Arthur Hays Sulzberger
|Arthur Hays Sulzberger|
|Born||September 12, 1891|
|Died||December 11, 1968(aged 77)|
|Education||B.A. Columbia College|
|Known for||Publisher of The New York Times|
|Spouse(s)||Iphigene Bertha Ochs|
|Children||Miriam Sulzberger Dryfoos
Ruth Sulzberger Golden
Judith Sulzberger Cohen
Arthur Ochs Sulzberger
|Parent(s)||Rachel Peixotto Hays
Cyrus Lindauer Sulzberger
|Family||Adolph Ochs (father-in-law)
Orvil E. Dryfoos (son-in-law)
Arthur Golden (grandson)
Ben Dolnick (great-grandson)
Cyrus Leo Sulzberger II (nephew)
Arthur Hays Sulzberger (September 12, 1891 – December 11, 1968) was the publisher of The New York Times from 1935 to 1961. During that time, daily circulation rose from 465,000 to 713,000 and Sunday circulation from 745,000 to 1.4 million; the staff more than doubled, reaching 5,200; advertising linage grew from 19 million to 62 million column inches per year; and gross income increased almost sevenfold, reaching 117 million dollars.
Sulzberger's parents were Cyrus Lindauer Sulzberger, a cotton-goods merchant, and Rachel Peixotto Hays. They came from old Jewish families, Ashkenazi and Sephardic, respectively. His great-great-grandfather, Benjamin Seixas, brother of the famous rabbi and American revolutionary Gershom Mendes Seixas of Congregation Shearith Israel, was one of the founders of the New York Stock Exchange. His great-grandfather, Dr. Daniel Levy Maduro Peixotto, was a prominent physician, director of Columbia University's Medical College and a member of the Philolexian Society. His great granduncle was Jacob Hays, the High Constable of New York from 1801 to 1850.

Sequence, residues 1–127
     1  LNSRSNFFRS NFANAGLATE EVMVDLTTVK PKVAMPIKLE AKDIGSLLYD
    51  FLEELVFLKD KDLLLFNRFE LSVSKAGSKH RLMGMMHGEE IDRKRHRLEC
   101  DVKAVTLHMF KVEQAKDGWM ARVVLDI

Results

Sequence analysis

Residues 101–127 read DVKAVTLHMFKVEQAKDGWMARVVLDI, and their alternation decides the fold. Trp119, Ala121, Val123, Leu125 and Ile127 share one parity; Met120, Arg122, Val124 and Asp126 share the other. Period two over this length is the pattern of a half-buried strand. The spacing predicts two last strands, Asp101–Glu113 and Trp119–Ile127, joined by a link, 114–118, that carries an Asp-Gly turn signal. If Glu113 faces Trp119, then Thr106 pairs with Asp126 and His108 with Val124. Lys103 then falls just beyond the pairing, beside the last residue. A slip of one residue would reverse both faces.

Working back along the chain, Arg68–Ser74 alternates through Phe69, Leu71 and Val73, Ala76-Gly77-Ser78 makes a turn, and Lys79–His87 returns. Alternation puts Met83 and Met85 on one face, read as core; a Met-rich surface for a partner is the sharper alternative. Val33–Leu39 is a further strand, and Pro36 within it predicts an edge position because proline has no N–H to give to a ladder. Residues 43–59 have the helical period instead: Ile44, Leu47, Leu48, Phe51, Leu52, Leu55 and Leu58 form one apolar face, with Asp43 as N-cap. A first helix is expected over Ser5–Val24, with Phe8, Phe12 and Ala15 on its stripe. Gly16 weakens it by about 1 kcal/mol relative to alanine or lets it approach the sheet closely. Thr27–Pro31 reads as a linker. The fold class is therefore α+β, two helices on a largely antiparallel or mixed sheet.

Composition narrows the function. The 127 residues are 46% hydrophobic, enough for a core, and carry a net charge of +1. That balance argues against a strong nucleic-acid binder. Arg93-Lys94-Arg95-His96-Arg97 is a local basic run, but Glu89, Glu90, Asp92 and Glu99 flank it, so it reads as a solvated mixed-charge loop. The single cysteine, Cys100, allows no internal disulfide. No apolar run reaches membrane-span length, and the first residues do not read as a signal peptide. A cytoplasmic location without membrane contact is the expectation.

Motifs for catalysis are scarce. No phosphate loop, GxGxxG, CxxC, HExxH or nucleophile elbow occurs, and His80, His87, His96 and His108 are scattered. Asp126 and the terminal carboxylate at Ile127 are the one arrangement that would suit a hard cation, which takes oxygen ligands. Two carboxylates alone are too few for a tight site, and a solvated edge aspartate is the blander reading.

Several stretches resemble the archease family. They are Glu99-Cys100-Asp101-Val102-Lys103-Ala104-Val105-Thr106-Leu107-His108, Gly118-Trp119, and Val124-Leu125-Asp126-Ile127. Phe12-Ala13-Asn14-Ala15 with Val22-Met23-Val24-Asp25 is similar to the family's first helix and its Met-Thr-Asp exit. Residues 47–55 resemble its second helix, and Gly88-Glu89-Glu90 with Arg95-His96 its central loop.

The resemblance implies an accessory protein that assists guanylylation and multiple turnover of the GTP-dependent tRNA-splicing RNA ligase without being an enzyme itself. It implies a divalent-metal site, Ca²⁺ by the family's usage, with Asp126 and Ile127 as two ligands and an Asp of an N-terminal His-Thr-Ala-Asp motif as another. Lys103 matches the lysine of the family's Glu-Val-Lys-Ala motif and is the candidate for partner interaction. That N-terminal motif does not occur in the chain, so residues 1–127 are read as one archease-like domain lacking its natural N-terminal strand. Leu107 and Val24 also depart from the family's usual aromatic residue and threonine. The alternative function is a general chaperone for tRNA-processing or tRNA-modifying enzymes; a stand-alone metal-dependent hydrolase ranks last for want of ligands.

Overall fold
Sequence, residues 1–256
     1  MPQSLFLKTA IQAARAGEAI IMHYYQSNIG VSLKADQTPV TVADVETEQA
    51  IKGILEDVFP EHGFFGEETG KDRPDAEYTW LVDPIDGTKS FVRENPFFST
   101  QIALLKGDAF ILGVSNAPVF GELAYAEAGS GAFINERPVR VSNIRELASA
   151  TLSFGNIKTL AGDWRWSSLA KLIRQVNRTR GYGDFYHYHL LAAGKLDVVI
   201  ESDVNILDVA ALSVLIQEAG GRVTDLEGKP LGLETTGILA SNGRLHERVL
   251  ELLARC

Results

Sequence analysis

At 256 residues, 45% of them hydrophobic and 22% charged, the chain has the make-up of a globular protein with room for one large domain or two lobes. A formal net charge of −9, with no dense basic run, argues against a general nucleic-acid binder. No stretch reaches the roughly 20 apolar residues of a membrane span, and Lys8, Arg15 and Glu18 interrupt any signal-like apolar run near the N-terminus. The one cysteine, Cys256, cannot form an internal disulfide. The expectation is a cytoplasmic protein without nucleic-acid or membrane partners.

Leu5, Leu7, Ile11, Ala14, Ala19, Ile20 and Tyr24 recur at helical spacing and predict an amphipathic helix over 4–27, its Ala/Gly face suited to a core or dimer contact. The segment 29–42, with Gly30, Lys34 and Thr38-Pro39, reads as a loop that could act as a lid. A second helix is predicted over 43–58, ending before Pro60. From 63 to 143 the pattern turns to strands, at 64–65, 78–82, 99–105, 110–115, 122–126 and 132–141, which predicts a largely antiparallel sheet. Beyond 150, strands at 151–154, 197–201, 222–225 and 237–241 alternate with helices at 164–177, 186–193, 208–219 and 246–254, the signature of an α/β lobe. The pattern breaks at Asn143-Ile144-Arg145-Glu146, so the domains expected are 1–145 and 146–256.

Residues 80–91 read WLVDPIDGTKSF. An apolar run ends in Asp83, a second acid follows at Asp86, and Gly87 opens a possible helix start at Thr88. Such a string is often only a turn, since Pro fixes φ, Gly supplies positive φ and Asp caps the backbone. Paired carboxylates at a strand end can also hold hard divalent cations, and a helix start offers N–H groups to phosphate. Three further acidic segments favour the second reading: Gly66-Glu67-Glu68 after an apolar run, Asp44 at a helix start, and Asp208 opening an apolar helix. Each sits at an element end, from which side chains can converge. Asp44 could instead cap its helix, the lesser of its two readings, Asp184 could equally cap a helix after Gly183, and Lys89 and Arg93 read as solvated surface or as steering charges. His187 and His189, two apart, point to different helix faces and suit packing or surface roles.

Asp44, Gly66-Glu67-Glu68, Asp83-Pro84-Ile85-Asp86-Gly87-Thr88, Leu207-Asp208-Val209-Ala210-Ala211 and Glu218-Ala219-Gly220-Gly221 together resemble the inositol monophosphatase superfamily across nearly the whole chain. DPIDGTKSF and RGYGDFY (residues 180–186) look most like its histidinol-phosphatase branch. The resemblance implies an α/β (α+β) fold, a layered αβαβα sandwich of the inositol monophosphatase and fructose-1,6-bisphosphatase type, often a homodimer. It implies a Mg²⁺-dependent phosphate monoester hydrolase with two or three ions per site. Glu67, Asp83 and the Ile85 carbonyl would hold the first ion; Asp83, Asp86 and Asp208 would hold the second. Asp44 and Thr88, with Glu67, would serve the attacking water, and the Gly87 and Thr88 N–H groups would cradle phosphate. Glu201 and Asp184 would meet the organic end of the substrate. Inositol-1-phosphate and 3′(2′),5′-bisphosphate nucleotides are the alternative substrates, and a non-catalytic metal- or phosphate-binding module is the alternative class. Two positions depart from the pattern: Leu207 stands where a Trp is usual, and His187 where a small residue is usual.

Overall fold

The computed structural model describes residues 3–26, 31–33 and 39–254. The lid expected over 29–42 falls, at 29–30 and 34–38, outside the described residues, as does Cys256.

Sulzberger graduated from the Horace Mann School in 1909 and graduated from Columbia College in 1913, and married Iphigene Bertha Ochs in 1917. In 1918 he began working at the Times, and became publisher when his father-in-law, Adolph Ochs, the previous Times publisher, died in 1935. In 1929, he founded Columbia's original Jewish Advisory Board and served on the board of what became Columbia-Barnard Hillel for many years. He served as a University trustee from 1944 to 1959 and is honored with a floor at the journalism school. He also served as a trustee of the Rockefeller Foundation from 1939 to 1957. He was elected a Fellow of the American Academy of Arts and Sciences in 1950. In 1954, Sulzberger received The Hundred Year Association of New York's Gold Medal Award "in recognition of outstanding contributions to the City of New York."
Sulzberger broadened the Times’ use of background reporting, pictures, and feature articles, and expanded its sections. He supervised the development of facsimile transmission for photographs and built the Times radio station, WQXR, into a leading vehicle for news and music. Under Sulzberger the Times began to publish editions in Paris and Los Angeles with remote-control typesetting machines.
He once stated "...I certainly do not advocate that the mind should be so open that the brains fall out". Sulzberger is also credited with the quote: "We journalists tell the public which way the cat is jumping. The public will take care of the cat."